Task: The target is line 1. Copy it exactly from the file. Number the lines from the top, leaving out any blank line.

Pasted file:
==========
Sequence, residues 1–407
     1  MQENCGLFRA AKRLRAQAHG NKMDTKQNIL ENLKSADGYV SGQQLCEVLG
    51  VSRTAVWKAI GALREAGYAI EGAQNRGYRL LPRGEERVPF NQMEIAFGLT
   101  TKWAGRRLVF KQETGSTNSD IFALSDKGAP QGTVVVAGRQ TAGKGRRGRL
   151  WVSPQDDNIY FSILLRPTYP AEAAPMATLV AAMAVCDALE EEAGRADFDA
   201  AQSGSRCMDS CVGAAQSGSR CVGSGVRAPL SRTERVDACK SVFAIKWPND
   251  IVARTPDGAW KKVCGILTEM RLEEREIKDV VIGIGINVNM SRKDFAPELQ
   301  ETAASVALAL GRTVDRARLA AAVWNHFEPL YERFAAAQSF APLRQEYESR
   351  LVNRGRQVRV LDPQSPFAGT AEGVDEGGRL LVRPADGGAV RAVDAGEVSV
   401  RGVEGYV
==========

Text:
Sequence, residues 1–407